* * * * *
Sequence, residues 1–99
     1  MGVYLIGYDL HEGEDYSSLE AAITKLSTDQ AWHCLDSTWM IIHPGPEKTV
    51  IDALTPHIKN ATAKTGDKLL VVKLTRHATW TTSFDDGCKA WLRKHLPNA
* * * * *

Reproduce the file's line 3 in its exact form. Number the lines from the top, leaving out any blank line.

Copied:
    51  IDALTPHIKN ATAKTGDKLL VVKLTRHATW TTSFDDGCKA WLRKHLPNA